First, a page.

This post started a long time ago as a diatribe against the unethical, dishonest, and hateful Korean Teachers' Union, and I had filed this post because I thought that things would blow over and die down. But the recent ridiculousness about "foreign English teachers" has reached some pretty unbelievable proportions and it's time to post, from the mouth of one who knows.
The problems we are talking about are really a function of the formal economy, as well as a sexual economy that is largely created by America's long and problematic influence on Korean culture. If you also look at Korea's "do it by any means necessary and do it now!" way of doing many things, the excessive, excessive, excessive emphasis placed in learning English at any cost, and the huuuuuuuuuuge economy that has grown and depends on – much like America's diet industry – the inherent inability to actually deliver the product promised (if low-fat foods and diets actually worked, or English education in Korea were actually any good at teaching English, there'd be far less demand, wouldn't there?), this whole thing makes a whole lot more sense.
But this problem of obssession with English, sycophantic cultural deference to the West and whiteness and the "magic" of the English native speaker (a newer form of 사대주의), a sense of perceived inferiority to that West (a really strong 열등감), the ineffective education system's looming meltdown and problematic relationship with teaching-for-the-test that the private sector is doing a far better job than the public schools (and the 교육열 that creates Korea's insane sense of competitiveness) – all come together in hagwon owners, Kangnam and Pyeongchang-dong ajummas, and even the Korean government's "throw money first, ask questions never" way of hiring.
And the blacklist? Please. If Korean society is so worried about the condition of its foreign instructors, then perhaps it should worry more about the legions and legions and legions of hagwons, schools, and other organizations breaking or even completely ignoring contracts, withholding or not paying salaries, not paying overtime hours or providing housing – and yes, sexually harassing female teachers because of that exact same assumption "foreigners are "easy" or "have no sexual morals."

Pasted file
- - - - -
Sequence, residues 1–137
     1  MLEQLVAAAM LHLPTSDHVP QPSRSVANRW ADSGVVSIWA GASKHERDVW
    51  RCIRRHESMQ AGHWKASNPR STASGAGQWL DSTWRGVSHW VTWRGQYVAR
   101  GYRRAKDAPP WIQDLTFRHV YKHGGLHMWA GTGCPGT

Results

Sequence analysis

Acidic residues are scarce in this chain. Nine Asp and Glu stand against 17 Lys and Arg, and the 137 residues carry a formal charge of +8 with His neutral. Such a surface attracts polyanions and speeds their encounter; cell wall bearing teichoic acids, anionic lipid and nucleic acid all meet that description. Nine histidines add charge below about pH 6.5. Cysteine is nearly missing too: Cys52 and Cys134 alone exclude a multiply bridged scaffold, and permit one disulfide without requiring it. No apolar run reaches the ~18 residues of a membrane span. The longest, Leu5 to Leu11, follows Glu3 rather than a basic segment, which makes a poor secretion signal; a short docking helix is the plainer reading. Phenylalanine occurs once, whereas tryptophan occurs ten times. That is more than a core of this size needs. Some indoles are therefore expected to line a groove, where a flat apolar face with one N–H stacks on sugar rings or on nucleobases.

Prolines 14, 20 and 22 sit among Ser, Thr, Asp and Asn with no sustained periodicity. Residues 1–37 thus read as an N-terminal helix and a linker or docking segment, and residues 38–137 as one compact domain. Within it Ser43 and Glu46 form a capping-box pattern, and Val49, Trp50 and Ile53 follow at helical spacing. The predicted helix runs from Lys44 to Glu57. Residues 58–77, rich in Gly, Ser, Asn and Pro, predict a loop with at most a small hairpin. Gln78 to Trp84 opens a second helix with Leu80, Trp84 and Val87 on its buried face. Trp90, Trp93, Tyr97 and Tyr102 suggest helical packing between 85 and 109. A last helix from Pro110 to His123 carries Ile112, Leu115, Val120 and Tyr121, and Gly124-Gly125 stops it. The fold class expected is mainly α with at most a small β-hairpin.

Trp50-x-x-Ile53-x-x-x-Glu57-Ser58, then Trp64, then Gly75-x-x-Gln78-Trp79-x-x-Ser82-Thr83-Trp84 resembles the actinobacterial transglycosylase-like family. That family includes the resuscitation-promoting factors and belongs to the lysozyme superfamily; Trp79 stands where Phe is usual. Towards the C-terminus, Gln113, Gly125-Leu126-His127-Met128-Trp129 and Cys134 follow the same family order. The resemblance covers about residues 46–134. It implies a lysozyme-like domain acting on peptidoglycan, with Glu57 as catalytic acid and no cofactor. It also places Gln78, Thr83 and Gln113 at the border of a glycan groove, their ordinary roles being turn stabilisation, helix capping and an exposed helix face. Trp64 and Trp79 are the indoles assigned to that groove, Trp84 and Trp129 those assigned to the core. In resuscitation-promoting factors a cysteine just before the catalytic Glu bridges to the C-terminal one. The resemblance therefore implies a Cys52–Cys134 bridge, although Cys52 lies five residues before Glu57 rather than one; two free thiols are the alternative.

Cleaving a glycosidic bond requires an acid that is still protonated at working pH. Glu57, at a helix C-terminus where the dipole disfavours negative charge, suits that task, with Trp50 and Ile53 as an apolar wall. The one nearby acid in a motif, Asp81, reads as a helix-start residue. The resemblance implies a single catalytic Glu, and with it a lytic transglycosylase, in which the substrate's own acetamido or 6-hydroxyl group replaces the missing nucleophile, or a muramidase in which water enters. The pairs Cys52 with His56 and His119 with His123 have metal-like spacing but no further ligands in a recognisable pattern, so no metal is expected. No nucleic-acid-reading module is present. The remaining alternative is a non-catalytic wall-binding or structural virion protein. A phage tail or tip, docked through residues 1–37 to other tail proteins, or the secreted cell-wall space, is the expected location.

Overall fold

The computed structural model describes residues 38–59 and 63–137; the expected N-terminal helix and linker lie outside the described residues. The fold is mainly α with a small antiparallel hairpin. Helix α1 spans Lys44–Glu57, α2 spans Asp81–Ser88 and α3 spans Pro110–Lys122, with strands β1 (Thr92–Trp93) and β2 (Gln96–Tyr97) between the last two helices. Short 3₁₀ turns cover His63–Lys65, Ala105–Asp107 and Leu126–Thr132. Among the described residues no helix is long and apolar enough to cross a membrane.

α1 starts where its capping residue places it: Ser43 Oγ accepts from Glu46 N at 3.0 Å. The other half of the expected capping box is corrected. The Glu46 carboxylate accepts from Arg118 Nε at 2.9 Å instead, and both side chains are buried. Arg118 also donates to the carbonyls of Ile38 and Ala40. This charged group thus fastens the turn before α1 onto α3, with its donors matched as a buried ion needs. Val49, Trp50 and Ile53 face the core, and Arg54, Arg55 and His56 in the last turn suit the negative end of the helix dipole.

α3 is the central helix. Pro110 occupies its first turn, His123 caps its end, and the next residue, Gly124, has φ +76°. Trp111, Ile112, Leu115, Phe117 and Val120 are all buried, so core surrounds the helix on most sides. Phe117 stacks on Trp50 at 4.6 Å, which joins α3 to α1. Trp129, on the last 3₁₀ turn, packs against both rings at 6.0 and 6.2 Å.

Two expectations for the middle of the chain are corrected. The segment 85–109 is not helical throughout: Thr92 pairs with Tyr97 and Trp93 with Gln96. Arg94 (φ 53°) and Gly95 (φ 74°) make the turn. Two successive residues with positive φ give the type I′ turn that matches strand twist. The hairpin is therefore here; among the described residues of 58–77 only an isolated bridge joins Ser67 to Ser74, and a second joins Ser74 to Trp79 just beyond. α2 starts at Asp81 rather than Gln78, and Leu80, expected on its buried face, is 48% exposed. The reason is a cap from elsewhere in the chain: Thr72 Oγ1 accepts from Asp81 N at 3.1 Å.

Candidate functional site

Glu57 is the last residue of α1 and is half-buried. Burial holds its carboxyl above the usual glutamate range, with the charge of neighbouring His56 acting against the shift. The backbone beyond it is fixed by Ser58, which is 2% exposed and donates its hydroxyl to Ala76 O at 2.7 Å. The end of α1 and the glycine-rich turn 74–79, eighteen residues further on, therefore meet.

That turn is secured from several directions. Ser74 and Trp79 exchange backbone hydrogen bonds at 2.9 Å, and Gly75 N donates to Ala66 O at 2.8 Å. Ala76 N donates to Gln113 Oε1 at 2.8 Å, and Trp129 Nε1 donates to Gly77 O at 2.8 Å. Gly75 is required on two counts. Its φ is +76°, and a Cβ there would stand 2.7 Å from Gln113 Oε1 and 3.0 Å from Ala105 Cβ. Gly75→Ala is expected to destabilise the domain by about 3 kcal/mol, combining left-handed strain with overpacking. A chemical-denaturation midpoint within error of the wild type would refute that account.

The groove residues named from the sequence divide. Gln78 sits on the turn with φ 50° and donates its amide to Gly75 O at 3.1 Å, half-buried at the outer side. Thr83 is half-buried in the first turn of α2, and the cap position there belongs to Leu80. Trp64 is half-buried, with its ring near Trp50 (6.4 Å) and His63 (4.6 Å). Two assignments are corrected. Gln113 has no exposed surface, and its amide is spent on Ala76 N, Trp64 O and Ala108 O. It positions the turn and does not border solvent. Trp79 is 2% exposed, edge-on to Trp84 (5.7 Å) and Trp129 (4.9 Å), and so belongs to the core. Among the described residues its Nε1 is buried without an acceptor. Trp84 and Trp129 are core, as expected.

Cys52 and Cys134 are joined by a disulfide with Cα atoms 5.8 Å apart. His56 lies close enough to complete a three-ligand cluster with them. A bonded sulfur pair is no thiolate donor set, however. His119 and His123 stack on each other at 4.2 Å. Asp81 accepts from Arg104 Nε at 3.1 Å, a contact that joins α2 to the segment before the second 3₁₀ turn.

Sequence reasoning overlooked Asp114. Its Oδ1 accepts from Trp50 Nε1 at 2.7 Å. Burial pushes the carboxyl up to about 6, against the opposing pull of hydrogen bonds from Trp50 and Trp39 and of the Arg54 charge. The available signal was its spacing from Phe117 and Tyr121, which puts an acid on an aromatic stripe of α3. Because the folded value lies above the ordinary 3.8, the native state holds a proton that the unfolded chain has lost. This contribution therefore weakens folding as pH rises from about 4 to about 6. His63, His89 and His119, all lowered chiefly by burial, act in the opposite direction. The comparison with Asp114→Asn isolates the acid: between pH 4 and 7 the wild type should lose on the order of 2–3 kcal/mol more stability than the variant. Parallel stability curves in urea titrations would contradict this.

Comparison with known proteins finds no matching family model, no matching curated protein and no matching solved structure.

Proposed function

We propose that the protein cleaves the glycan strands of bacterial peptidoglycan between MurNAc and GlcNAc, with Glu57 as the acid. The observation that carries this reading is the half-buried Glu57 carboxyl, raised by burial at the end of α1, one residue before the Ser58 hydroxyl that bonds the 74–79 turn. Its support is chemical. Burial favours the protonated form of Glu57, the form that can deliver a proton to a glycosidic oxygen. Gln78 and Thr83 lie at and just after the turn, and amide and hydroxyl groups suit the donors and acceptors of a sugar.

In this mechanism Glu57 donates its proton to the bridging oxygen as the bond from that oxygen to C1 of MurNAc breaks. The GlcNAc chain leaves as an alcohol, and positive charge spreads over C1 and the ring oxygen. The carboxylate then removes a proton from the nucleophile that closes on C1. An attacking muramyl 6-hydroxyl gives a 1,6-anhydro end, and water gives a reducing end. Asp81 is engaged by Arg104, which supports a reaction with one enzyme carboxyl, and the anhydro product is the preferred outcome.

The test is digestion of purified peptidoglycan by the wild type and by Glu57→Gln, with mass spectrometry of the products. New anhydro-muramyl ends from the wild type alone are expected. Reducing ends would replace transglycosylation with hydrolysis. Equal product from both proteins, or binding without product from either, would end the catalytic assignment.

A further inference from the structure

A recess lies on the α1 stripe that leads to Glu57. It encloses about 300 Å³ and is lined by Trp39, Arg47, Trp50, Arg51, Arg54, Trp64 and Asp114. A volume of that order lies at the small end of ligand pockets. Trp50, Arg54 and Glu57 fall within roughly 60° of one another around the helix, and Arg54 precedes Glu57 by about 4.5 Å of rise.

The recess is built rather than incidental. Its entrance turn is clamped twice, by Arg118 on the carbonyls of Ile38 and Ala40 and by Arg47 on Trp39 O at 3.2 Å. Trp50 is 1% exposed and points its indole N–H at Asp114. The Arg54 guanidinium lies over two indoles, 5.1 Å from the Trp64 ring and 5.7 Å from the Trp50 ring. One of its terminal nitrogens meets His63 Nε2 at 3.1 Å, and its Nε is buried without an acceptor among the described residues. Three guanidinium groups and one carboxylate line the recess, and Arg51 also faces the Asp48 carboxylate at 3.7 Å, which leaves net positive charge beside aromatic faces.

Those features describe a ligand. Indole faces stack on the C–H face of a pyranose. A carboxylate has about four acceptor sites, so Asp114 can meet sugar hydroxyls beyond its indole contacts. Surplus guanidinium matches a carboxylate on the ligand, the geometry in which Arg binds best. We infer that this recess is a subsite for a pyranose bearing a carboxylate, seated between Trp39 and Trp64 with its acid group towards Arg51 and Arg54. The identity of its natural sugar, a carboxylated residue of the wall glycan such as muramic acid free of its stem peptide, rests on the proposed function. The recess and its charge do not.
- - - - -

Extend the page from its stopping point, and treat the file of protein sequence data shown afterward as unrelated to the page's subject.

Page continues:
If foreigners were to start a master "blacklist" of Korean schools and orgs that have cheated or abused foreigners (many lists exist, but the job is too big), it would literally have to be a 100-pyeong office space with a full-time staff of 10 just to list the complaints, keep the database fresh, along with a full-time legal department that would have to exist to stop all these organizations from suing them or the individual complainants who would be attacked using Korea's far-too-aggressive libel laws that protect one's reputation even if the accusation is demonstrably true.
This is why the recent statements of the Korean Teachers' Union, the creation of this ridiculous and practically useless (not to mention illegal) blacklist, and the new conversation forming around Jon-Benet's alleged killer having had lived in Korea – have all made me bloggin' mad.
If I were to list even ONE institution who had consciously and viciously lied to me and hired me under contract stipulations they had no intention of upholding, I'd be sued to high heaven. I wouldn't last a minute in the courtroom. And I'm sure just about every foreign teacher in this country has a similar story or three.